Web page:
Wet herby (Br), 1,381 tous, Smith, Havre, ldg—
Wilder 2i (’o.
Lancaster (Ur), 1.145 tons, Steeves, Liverpool,
cld—Wilder it Cos.
Sylvia tun, 1,2.6 tons, Vasey, Reval, ldg, in
distress, rev,g Wilder A Cos.
Carthageua (Br), 1,593 tons, Sawle, Bremen, ldg
—Wilder a i !o.
Abeoim (Br), 1,405 tons, Comer, Reval, Idg—
Wilder & Cos.
Harrogate (Br), 1,302 tons, Surtees, Reval, ldg—
Wilder & Cos.
Wylo (Br), 978 tons, Rogers, Liverpool, ldg—
Strauss A Cos.
Aniier Head ißr), 1,360 tons, Macey, at quaran
tine, wtg J 1! West A Cos.
Twenty four steamships.
Ceylon (Br), 911 tons, Owens, at Sapelo, quaran
tine. wtg—Wilder & Cos.
Melchiorre iltal), 790 tons, Izzo, at quarantine,
wtg—A R Salas & Cos.
Skjold (Nor). 440 tons, Jacobsen, Europe, ldg—
A R Salas & Cos.
Themis (Non, 537 tons, Weyoye, at quarantine,
wtg—A Salas & Cos.
Braliant (Belg), 498 tons, Bauman, Antwerp, ldg
—A R Salas & Cos.
Emilio Ciumoa (Ital), 421 tons, Caflero, Genoa,
ldg—A R Salas & Cos.
Birgitte (Nor), 539 tons, Torjesen, repairing—
Holst A Cos.
Mustang (Nor), 278 tons, Birkelund, Europe, ldg
—Holst A Cos.
President (Bri, 910 tons, Corbett, at quarantine,
wtg— Strocnan A Cos.
Chondor (Nor), 319 tons, Danielson. Santander,
ldg—Strachan A Cos.
Amaranth (Ger), 898 tons, Maass, Trieste, cld—
Strachan A Cos.
Vilg Nor). 495 tons, Gregerben, Europe, ldg—
S P Shutter A Cos.
Aquila (Aus), 440 tons, Tichiag, Europe, ldg—
M S Cosulich A Cos.
Freia(Nor). 578 tons, Hauff, at quarantine, wtg
—M S Cosulich A Cos.
Elba, 423 tons, Tilton, New York, ldg—Jos A
Roberts A Cos.
Alice C Dickerman, 302 tons. Cook, Boston, ldg—
Jos A Roberts A Cos.
J 1! llabel, 428 tons, Sawyer, Philadelphia, ldg—
Jos A Roberts A Cos.
Anita Berwind. 083 tous. Me Bride, New York,
Idg—Jos A Roberts A Cos.
Margarethe (Ger), 475 tons, Supples, Europe,
ldg—Paterson, Downing A Cos.
Unicorn (Ur), 521 tons, McDougal, at quarantine,
wtg—A Minis A Sons.
Qler (Gr). 469 tons, Colford, Glasgow, dis—Muir,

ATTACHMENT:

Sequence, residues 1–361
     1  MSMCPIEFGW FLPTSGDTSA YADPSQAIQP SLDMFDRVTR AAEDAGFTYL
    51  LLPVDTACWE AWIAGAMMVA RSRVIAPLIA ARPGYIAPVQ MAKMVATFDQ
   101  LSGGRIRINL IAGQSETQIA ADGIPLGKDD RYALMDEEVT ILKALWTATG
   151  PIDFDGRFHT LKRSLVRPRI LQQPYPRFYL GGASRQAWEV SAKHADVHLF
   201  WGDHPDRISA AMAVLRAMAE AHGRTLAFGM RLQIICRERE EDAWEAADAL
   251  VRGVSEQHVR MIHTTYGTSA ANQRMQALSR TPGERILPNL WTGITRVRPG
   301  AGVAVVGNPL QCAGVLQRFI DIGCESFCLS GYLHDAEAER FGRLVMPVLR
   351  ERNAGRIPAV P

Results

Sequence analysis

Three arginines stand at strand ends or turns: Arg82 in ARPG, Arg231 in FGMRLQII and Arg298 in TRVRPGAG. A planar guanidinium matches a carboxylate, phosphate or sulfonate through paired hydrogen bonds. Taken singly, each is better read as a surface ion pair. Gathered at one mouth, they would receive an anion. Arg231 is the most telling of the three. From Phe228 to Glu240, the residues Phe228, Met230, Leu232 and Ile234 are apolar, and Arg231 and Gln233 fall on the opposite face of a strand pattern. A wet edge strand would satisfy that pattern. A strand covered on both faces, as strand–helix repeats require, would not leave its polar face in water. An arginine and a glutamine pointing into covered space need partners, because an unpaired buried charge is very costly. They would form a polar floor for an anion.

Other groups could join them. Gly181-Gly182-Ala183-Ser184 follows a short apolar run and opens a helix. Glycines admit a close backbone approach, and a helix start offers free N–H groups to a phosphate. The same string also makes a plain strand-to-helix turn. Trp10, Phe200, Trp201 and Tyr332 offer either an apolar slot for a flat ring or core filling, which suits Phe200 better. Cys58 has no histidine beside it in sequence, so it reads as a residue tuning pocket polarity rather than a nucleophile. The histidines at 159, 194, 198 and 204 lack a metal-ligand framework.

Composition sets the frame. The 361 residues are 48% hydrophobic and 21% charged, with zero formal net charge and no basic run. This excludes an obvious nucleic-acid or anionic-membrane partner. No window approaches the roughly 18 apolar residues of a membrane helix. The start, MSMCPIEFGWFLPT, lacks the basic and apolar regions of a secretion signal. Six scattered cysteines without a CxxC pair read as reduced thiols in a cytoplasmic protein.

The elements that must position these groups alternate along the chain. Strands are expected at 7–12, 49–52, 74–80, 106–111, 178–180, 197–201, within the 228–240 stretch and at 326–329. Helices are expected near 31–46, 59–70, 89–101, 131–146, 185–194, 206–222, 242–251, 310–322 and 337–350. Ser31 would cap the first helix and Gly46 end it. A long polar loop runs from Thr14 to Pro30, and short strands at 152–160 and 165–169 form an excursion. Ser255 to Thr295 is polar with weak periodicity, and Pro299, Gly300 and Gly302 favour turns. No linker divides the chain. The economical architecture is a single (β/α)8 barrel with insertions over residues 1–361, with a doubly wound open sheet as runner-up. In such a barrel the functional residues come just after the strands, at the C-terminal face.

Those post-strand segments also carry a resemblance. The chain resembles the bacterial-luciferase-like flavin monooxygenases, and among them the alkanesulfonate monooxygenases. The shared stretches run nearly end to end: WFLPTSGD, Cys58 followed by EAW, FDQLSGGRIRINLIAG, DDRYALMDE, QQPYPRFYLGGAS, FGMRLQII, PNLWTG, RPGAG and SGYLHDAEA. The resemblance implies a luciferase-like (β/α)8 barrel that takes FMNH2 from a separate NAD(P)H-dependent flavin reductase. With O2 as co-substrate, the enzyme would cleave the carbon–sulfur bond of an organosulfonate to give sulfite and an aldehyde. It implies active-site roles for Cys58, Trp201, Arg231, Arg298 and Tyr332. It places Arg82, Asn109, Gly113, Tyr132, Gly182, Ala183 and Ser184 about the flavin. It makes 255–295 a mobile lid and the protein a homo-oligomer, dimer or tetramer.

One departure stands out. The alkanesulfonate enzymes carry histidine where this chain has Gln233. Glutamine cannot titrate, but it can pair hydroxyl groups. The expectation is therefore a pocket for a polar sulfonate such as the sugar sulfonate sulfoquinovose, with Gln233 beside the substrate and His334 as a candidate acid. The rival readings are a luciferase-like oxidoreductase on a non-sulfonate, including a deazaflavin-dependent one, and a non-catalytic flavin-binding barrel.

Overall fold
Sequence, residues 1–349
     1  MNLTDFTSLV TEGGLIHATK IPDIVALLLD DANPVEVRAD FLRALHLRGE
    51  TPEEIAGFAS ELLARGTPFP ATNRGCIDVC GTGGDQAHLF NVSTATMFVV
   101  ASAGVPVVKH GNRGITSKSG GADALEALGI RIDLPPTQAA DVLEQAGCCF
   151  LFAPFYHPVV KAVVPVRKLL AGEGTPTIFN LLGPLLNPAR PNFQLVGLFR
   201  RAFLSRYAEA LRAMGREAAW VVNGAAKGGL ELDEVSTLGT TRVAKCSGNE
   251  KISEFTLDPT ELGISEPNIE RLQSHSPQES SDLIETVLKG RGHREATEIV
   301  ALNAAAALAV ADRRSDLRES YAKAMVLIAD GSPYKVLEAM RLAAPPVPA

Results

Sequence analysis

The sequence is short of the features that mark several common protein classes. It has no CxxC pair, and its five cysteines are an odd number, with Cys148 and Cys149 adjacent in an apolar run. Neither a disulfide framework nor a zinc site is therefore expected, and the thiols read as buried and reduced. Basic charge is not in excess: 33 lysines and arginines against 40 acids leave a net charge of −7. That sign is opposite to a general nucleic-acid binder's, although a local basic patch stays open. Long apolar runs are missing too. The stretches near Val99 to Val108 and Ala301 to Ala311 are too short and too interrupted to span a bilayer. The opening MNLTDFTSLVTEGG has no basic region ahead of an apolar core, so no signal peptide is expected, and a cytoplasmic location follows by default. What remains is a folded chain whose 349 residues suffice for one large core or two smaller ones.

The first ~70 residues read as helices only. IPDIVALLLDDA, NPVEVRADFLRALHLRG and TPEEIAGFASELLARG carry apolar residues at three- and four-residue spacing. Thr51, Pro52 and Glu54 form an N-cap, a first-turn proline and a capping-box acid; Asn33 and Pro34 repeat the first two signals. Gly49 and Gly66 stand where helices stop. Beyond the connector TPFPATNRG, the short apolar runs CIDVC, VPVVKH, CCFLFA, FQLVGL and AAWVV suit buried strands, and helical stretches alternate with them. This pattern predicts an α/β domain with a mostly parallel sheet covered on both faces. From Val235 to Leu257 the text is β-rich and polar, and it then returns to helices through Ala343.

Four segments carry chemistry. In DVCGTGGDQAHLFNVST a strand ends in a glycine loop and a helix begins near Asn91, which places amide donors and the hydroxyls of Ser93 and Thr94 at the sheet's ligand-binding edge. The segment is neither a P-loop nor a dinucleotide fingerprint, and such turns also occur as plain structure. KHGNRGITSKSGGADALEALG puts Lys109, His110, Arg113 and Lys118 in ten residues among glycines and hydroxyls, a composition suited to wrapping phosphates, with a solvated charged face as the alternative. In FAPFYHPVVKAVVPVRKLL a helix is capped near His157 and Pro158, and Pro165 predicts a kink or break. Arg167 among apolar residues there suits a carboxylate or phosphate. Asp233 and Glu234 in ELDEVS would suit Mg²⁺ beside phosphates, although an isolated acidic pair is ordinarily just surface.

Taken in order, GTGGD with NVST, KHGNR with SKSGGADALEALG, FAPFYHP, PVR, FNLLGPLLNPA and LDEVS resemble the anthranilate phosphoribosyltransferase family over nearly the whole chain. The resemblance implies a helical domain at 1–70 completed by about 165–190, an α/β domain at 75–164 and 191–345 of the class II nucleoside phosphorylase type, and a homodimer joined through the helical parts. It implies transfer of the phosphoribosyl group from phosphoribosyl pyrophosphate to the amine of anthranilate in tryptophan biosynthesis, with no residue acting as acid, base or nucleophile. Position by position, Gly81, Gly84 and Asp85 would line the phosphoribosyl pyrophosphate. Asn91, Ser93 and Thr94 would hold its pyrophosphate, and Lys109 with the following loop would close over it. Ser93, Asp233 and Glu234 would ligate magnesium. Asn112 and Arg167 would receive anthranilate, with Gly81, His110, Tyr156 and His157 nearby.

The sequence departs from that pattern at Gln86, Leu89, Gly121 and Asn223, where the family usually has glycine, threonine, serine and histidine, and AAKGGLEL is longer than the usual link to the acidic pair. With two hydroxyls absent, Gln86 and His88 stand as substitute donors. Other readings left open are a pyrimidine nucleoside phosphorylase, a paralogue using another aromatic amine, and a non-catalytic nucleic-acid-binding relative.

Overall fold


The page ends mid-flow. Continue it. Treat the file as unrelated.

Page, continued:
Duckworth A Cos.
Eliza J McManemy, 885 tons. Dodge, Pascagoula
for Philadelphia, in distress, dis—Master.
Twenty one barks.
Amykos (Nor), 232 tons, Ommundsen, at quar
tiue, wtg—A K Salas A Cos.
Isal/clla (Br), 261 tous, James, Bull River for Ex
mouth, in distress, repg—Strachan A Cos.
Maratona (Aus), 249 tons, Marunich, West In
dies, ldg—M S Cosulich A Cos.
John Wesley, 485 tons. Van Gilder, Baltimore,
ldg—Jos A Roberts A Cos.
llyiH'rion, 291 tons, Henley, Philadelphia, ldg—
Jos A Roberts & Cos.
Ida Lawrence. 489 tons. Young, Baltimore, ldg
—Job A Roiwrts A Cos.
Wm H Fredson, 622 tons, Biddle, New York, Id;
—Jos A Roberts A Cos.
Caleb S Ridgeway. 381 tons, Randolph, New
York, lilg -Jos A Holierts A Cos.
John R Penrose. 483 tons, Smith, Philadelphia
ldg—Jos A Roberts A Cos.
Harry Prescott, 412 tons. Turner, Boston, ldg—
Jos A Roberts A Cos.
Martha S Bement, 479 tons, Townsend, New
York, ldg—Jos A Roberts A Cos.
June Bright, 329 tons, 11. ter, Boston, ldg—Joe
A Roberts A Cos.
M V B Chase, 435 tons, Pinkham, New York, ldg
—Jos A Roberts A Cos.
Wm W Converse, 769 tons, Townsend, New
York, dis -Jos A Roberts A Cos,
Jesse W Starr, 292 tons, Warren, Lewes, Del, dis
—Jos A Roberts & Cos.
Wm H Kenny, 29,' tons, Lippincott, Elizabeth
-I,ort, dis - Job A Roberts A Cos.
Island City, 406 tons, Voorhoes. Baltimore, ldg—
Dale, Dixon A Cos.
Annie Bliss, 317 tons, O'Donnell, Philadelphia,
dis—Dale. Dixon A Cos.
Savannah Daily Morning News,
Scribner’s for November, North American
Review, November London News, Forest
awl Stream, New York Clipper, New York
Mirror, Dramatic News, Demorest’s Port
folio of Fa-.hion.s, Sboppell’s Modern
Houses, Texas Siftings, Harper’s Bazar,
Railroad Guides, Tid-Bits, Mer
chant Traveler, Boston Globe, Boston
Herald, Philadelphia Press, Philadelphia
Times, Baltimore Sun, Baltimore Ameri
can, New York Herald, World, Sun,
Times, Tribune, Star, Atlanta ConM.itution,
Augusta Chronicle, Macon Telegraph,
Florida Times-Union, Jacksonville News-
Herald, Now Orleuns Times-Democrat,
New Orleans Picayune, Charleston News
and Couri r, Cincinnati Commercial Ga
zette, Cincinnati Enquirer.
A. L. IIARTRIDGeT
' SECURITY BROKm
BtTYS ANT) SELLS on commission all clams
of Stocks and Bonds.
Negotiates loans on marketable securities.
New York Quotations furnished by private
ticker every fifteen minutes.
WM. T. WILMA MS. W. (T'MMINO.
W. T. WILLIAMS & CO.,
ORDERS EXECUTED on the New York, Chi
cago and Liverpool Exchanges. Private
direct wire to our office. Constant quotations
(•torn Chicago and New York.
I AM PREPARED TO OFFER" A VTO' AP
TRACTIVE STOCK OF FALL
Among which will be found
IN COMBINATION SUITS.
(NO TWO ALIKE.)
My stock of domestics In SHEETING, SHIRT
ING. PILLOW-CASE COTTONS are unsur
(' ALIFOUNIA and WHITNER BLANKETS In
INFANTS'and CRIB BLANKETS, TABLE
DAMASK NAPKINS, DOYLIES and a great
variety .U HUCK and DAMASK TOWELS from
20c. to 90c.
182 Broughton street, next to Furbor s.